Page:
Mixed Performances at ISIS 2013

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ISIS: Women Arts Festival took place Sunday, October 27, at the University of Washington’s Burke Museum of Natural History and Culture, presented as part of the October Arts Crush month in the Puget Sound area. Kathryn Hightower and Jah Breeze of Steel Grace Dance started ISIS five years ago as a platform to present the work of female artists. ISIS 2013 showcased five visual artists and eight performing groups. Hightower spoke to open the performance segment of the event, an emotional speech asking the audience to set aside value judgments—appropriately, as many of the performers were student artists.

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Joyce Liao performing a solo
Photo by Garima Naredi

Taiwanese-born Joyce Liao performed a solo work to the taped soundtrack of her own voice, a poignant exploration of childhood memory and the weight of maintaining dignity for aging family members. With mostly pantomimic gesture, Liao delicately articulated repetitive ordinary moments of everyday life, unwrapping layers of emotion with increasing desperation. In a beautiful moment of happy accident, the sun shining through the window of the performance space illuminated the seated Liao’s cheek and cast a shadow on the floor—understated natural scenic design.

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Miranda Veenhuysen dancing a solo
Photo by Garima Naredi

Fusing liturgical lyricism and hula, Miranda Swan Veenhuysen’s solo to music by Libbie Schrader displayed Veenhuysen’s graceful classical training and especially elegant port de bras. Although Veenhuysen used the small space well choreographically, much of her solo was performed at a low level below most of the audience’s view. Song lyrics provided thematic material, and the choreography responded conventionally.

Steel Grace Dance presented two works, one during intermission and one to close the festival. Intermission’s Womannequins was performance art for four women staged in an aisle of the lobby at the Burke Museum. Live mannequins in dress clothes, heels, and even sequins shifted slowly between poses. The arrangement adjacent to museum statues and in front of stuffed birds arrayed in their colorful plumage highlighted the contrast between department store ideal and female reality as the mannequins slowly changed into lounge clothes and slippers, still posing. Groups of museum and festival guests walked through the performance, adding to the ludicrous quality of the scene.

The festival’s final performance piece, Steel Grace Dance’s second work was a collaboration with Karin Stanley, a healing guide from Ellensburg. Using Stanley’s childhood trauma as inspiration and text, dancers and co-choreographers Hightower and Natasha Burrowes performed to Stanley’s spoken word and to Jah Breeze on the African jimbe. Like Veenhuysen’s piece, some choreography low to the ground made for difficult audience viewing. Although Stanley’s emotional connection to the material was apparent, the piece stopped short of connecting with the audience in a meaningfully transformational way, as if viewed through a strong fourth wall. As with many of the performances, the artists themselves seemed more affected by the emotional undercurrents of the work than was effectively relayed to the audience.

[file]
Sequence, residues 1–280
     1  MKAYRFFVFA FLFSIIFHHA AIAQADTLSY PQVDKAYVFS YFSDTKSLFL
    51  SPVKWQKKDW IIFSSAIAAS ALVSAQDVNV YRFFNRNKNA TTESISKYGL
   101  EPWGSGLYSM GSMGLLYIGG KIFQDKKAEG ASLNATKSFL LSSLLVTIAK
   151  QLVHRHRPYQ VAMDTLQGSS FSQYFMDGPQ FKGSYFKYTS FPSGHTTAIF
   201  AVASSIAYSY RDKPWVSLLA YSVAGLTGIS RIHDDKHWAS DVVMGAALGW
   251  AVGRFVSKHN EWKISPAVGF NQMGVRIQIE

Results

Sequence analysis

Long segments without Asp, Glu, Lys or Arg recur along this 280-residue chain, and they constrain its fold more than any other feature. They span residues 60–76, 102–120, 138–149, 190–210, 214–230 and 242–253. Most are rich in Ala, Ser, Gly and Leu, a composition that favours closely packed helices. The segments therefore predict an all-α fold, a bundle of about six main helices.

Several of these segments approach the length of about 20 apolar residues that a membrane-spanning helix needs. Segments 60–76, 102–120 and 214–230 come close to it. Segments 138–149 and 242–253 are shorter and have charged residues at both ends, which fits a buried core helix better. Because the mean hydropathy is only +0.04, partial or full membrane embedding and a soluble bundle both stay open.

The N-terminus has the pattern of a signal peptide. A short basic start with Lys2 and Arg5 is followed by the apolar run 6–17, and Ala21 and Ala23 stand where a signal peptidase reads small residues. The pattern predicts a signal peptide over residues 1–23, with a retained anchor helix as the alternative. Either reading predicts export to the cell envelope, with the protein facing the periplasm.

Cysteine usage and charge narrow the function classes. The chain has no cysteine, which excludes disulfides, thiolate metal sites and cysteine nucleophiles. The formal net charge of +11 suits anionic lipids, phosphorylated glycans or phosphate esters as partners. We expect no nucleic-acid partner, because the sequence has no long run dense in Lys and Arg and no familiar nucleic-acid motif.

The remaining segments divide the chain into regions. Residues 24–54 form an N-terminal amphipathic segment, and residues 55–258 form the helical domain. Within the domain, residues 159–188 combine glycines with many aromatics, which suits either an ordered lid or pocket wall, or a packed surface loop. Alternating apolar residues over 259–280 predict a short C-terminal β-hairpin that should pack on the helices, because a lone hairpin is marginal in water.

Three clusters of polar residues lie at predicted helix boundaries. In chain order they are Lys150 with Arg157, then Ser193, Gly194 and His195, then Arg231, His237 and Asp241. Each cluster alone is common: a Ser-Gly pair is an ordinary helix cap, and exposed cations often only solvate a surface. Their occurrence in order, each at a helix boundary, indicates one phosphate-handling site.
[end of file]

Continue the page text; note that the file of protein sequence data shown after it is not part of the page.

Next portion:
In a festival specifically designed to highlight female artists, many elements seemed geared toward conventional aspects of femininity. Many works were investigations into highly personal, emotional circumstances, often bringing the artists themselves to tears. The words love, support, and inspire were themes throughout all the short artistic statements, perhaps underscoring a larger message about the isolation often inherent in artistic creation and the way in which female artists cope.

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Karin Kingsbury Stanley, Kathryn Hightower, and Natasha Burrowes in Steel Grace Dance’s Healing Collaboration
Photo by Garima Naredi

In its fifth year, ISIS still needed work on a few logistical details: the festival ran overly long at two and a half hours of seated performance; volume issues existed in the small performance space; and distribution of information concerning details of the event was minimal. These issues may stem from the difference between a traditional festival setting and an established theatrical venue—the difference between an ebb and flow of patrons matched to a schedule of performers versus a captive seated audience. Nevertheless, ISIS 2013 provided local artists of all ages and experience a venue to present new work.

Find more information about the festival at the ISIS Facebook page, www.facebook.com/isiswomen.